A WOMAN and her partner have both been jailed after a court heard they enjoyed a luxury lifestyle funded through her stealing £400,000 from her employers Asda.

Over a six year period Jennifer Ward and her partner Alistair Lobban spent money like it was going out of fashion, Nadim Bashir prosecuting told Leeds Crown Court.

That included foreign holidays and a timeshare week at a cottage in the Scilly Isles which cost them around £30,000.

Between 2004 and 2010 their joint spending was “colossal” topping £320,000 including £157,000 alone on Ward’s Marks and Spencer card.

Ward worked in accounts for the supermarket giant and used her position to take money and used gift vouchers which she later recycled again for cash, the court heard today.

When police searched the couple’s home at Coppins Farm House, Wigginton Road, York, ASDA gift vouchers with a face value of more than £200,000 were discovered along with £30,000 in cash.

They also discovered an Aladdin’s cave of new electrical items some of which had not even been taken out of their boxes.

Inquiries revealed over the period the pair had spent £98,000 on entertainment and travel including £3,700 on theatre tickets and more than £50,000 at their favourite hotels, including the Star Castle, also in the Scilly Isles where Ward always asked for the best room.

The couple were about to go on a £4,000 Caribbean cruise had Ward not been arrested in 2010. Their £98,000 expenditure on entertainment and travel also included £3,700 on theatre tickets and £9,000 on flights.

Ward, 49, who admitted theft and having control of articles for use in fraud was jailed for two years and Lobban, 52, who was convicted by a jury of entering into a money laundering arrangement was jailed for 12 months.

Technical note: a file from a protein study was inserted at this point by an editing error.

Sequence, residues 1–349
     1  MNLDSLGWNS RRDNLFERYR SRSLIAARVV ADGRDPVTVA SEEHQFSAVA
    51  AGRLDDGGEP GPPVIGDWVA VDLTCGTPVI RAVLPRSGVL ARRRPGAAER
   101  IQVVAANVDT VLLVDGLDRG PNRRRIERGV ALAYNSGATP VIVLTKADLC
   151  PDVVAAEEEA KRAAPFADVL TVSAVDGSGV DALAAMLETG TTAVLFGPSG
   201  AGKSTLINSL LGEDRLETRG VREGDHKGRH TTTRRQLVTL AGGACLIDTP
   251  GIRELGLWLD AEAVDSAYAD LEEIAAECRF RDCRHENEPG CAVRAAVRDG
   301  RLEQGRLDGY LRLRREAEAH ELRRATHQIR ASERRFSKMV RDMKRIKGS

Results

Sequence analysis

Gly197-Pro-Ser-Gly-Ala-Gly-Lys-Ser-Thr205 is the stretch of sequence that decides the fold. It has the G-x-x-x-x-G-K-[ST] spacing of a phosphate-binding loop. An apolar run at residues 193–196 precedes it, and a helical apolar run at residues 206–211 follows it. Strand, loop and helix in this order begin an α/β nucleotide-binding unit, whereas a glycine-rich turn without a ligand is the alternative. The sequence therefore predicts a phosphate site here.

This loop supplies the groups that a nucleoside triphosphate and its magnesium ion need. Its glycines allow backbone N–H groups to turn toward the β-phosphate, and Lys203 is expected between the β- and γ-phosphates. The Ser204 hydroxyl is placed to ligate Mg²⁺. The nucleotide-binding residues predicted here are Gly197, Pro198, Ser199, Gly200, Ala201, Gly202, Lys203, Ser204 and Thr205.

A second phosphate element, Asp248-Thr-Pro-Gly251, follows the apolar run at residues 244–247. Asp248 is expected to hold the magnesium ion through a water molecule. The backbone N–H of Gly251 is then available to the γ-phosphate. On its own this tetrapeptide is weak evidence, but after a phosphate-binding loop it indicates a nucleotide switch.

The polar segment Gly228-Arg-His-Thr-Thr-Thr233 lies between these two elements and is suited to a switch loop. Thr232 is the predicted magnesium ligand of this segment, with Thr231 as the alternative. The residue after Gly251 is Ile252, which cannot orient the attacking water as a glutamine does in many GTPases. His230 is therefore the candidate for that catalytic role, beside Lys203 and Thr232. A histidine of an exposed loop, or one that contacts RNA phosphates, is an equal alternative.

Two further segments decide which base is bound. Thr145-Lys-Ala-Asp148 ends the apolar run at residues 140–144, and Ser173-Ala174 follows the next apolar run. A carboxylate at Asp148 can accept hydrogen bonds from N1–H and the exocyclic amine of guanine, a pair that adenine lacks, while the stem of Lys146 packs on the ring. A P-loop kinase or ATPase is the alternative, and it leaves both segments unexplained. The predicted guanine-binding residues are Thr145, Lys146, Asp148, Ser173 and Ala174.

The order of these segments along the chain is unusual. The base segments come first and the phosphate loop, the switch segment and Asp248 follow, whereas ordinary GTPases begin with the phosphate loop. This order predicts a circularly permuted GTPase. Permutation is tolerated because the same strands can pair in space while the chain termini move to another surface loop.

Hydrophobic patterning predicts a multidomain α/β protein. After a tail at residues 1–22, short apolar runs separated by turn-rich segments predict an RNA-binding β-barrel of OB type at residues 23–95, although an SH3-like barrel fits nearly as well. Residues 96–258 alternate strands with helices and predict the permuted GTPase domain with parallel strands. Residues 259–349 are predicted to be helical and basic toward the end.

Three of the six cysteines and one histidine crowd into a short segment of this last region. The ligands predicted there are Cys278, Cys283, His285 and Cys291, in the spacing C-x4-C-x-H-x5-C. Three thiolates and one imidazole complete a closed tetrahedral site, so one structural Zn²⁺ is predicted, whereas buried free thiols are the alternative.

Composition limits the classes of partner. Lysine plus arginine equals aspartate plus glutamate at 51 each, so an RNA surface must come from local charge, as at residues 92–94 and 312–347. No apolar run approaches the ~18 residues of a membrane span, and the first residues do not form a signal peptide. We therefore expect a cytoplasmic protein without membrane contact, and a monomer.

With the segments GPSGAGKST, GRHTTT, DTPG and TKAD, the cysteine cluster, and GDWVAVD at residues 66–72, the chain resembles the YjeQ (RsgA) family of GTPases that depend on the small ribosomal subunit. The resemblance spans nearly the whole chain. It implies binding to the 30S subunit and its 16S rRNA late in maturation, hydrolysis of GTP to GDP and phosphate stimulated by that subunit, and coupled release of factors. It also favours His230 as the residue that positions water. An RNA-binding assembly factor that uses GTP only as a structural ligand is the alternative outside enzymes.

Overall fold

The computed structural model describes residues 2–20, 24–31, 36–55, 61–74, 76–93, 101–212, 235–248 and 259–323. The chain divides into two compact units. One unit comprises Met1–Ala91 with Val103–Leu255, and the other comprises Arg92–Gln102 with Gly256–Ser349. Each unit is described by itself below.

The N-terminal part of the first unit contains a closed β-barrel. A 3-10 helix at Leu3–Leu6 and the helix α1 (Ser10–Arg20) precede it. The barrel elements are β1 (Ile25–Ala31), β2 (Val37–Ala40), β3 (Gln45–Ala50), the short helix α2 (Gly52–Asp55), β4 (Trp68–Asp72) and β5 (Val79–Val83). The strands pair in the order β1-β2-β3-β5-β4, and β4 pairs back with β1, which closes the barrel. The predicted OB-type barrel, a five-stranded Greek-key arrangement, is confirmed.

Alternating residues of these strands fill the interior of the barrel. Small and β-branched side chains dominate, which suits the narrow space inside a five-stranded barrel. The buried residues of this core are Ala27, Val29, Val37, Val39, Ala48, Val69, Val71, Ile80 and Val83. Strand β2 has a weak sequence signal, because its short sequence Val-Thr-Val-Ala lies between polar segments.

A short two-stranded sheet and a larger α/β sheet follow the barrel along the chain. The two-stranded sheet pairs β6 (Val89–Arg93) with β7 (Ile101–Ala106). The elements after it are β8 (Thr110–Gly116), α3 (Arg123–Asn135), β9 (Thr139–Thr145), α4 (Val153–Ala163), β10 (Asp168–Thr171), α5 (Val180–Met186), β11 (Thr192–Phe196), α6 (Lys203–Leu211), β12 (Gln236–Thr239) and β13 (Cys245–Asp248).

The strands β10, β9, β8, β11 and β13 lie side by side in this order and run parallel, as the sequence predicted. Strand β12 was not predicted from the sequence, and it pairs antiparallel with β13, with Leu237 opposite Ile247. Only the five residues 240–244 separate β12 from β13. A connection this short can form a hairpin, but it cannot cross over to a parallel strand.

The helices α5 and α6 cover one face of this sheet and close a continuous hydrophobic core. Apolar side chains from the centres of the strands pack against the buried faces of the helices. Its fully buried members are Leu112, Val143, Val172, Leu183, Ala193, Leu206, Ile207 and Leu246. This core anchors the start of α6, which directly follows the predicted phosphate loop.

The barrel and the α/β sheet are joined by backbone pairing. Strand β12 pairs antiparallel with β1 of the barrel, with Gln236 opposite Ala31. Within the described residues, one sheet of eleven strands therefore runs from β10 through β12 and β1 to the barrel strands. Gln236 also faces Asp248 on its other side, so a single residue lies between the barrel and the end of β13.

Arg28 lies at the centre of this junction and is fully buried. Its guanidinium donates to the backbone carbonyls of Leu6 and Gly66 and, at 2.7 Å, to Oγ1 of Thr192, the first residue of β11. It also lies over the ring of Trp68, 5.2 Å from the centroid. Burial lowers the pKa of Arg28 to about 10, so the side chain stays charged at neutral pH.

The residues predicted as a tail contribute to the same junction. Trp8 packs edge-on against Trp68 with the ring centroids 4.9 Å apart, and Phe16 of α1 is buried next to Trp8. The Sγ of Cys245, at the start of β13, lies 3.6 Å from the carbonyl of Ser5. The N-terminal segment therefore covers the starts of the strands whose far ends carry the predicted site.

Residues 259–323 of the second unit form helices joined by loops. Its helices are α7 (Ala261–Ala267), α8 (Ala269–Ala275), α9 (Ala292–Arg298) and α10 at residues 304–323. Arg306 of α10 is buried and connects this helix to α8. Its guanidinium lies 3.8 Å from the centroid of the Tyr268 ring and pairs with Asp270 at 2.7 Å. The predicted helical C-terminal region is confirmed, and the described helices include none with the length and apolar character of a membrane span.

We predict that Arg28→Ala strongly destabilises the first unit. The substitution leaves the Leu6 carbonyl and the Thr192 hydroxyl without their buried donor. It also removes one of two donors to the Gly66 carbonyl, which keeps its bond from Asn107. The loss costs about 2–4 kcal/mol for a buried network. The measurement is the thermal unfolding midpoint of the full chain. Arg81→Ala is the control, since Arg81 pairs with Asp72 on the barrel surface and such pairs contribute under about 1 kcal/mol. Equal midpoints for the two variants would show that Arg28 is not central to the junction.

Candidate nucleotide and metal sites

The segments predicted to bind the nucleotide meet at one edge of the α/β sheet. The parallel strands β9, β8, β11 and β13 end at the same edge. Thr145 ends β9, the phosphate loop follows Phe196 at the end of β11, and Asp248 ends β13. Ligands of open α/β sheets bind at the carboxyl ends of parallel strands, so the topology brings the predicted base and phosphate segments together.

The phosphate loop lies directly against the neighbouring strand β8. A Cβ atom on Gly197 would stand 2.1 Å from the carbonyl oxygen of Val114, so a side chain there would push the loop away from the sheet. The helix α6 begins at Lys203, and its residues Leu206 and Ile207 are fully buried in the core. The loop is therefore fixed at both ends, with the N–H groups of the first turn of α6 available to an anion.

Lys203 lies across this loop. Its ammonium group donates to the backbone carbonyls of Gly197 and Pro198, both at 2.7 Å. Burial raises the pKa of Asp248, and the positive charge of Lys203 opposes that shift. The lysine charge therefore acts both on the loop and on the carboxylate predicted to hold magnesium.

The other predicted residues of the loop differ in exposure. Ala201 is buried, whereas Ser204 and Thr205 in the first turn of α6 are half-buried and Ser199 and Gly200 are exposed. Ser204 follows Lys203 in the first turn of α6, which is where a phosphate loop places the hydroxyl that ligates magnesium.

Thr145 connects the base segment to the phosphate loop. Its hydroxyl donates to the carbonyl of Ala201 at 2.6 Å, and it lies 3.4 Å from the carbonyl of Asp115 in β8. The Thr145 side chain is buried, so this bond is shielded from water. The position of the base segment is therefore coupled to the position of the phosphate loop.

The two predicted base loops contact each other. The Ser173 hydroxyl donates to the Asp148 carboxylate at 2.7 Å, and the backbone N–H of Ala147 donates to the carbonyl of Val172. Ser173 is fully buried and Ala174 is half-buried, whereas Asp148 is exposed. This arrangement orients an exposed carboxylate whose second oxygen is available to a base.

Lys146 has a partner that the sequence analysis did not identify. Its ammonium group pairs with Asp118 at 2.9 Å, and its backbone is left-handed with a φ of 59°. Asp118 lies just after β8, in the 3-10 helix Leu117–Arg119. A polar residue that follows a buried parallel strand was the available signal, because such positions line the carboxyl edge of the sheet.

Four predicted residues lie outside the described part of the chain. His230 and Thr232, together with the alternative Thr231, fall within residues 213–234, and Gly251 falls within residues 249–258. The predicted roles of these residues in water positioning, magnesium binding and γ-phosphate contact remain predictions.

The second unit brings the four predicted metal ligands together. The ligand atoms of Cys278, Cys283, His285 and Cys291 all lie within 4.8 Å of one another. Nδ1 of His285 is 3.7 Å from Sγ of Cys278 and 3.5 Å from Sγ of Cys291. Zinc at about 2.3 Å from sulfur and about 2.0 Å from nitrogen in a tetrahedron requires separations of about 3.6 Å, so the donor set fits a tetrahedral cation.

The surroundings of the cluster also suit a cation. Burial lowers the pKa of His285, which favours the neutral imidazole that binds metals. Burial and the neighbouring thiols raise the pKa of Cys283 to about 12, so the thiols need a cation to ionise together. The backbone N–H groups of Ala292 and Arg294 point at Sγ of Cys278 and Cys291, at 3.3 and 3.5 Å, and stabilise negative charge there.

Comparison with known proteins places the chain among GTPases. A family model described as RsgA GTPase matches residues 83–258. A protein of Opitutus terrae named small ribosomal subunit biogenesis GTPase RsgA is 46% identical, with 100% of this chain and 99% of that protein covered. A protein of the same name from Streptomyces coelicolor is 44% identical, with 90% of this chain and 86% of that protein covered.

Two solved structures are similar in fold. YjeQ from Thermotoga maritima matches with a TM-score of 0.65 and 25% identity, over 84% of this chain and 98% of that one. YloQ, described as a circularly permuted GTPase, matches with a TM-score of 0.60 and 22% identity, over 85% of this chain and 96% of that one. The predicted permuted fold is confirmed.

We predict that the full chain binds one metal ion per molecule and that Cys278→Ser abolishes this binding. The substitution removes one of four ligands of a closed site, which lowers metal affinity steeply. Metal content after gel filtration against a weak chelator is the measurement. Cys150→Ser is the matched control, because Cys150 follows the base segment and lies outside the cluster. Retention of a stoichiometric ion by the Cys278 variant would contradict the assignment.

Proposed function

Sentencing them Judge Tom Bayliss QC said her offending involved a gross breach of trust.

“On the face of it the two of you are a perfectly ordinary couple but underneath it all, the two of you were I am satisfied, both motivated by insatiable greed.”

He said the dishonesty might have started as a trickle but the flood gates had opened on her dishonesty. In addition to their joint expenditure Ward had spent money on clothes, jewellery including £12,000 at one shop in York and collectables, including £5,400 at a shop in Pickering.

The couple had been considering buying a third house in Strensall for £135,000 in cash.

The offences came to light after Ward was captured stealing some cash on a covert camera installed at the Monk's Cross store after other staff became suspicious about her lifestyle including the timeshare, regular holidays and her jewellery.

Craig Hassall representing her said she had inherited money and had a good work ethic doing several other jobs while working at Asda but felt she had been given an inappropriate level of trust there.

She was remorseful for what she had done and fully expected to lose everything in future financial hearings.

Lobban told the jury Ward looked after their finances because she was better with money than he was. He said he had no reason to be suspicious about their lifestyle believing she was a good saver.

Paul Williams representing him said he still considered himself innocent. The court heard he suffered from depression and alcoholism and Mr Williams suggested his drinking problems had impaired his judgment.

Afterwards, Detective Inspector Ian Wills, head of North Yorkshire Police’s Financial Investigation Unit, said: “This is perhaps one of the most bizarre investigations I have been involved in.

“On the face of it Ward appeared to be a hard working woman holding down her job at Asda and at several local pubs. However, the search of her property following her arrest, gave a clear indication that both her and Lobban were living well in excess of their declared income and were amassing a fortune.

“It took two police search teams three days, working 16 hours each day, to log and recover the vast quantity of goods that had been bought with some of the proceeds of the crime.

“Ward’s greed clearly got the better of her and led her to abuse the trust placed in her by her employers.”

DI Wills added: “I would like to pay particular tribute to the work of Detective Constable Sarah Bullock and Financial Investigator Paul Dowsland who had the mammoth task of establishing their joint spending and accumulation of assets for presentation to the court.”